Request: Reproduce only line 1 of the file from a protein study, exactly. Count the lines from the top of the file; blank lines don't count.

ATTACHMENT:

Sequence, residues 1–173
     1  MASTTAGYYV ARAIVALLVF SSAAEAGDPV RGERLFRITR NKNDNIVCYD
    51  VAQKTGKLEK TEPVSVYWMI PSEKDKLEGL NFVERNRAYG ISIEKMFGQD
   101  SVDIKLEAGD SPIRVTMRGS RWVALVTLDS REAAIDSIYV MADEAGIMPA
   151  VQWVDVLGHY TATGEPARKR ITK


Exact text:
Sequence, residues 1–173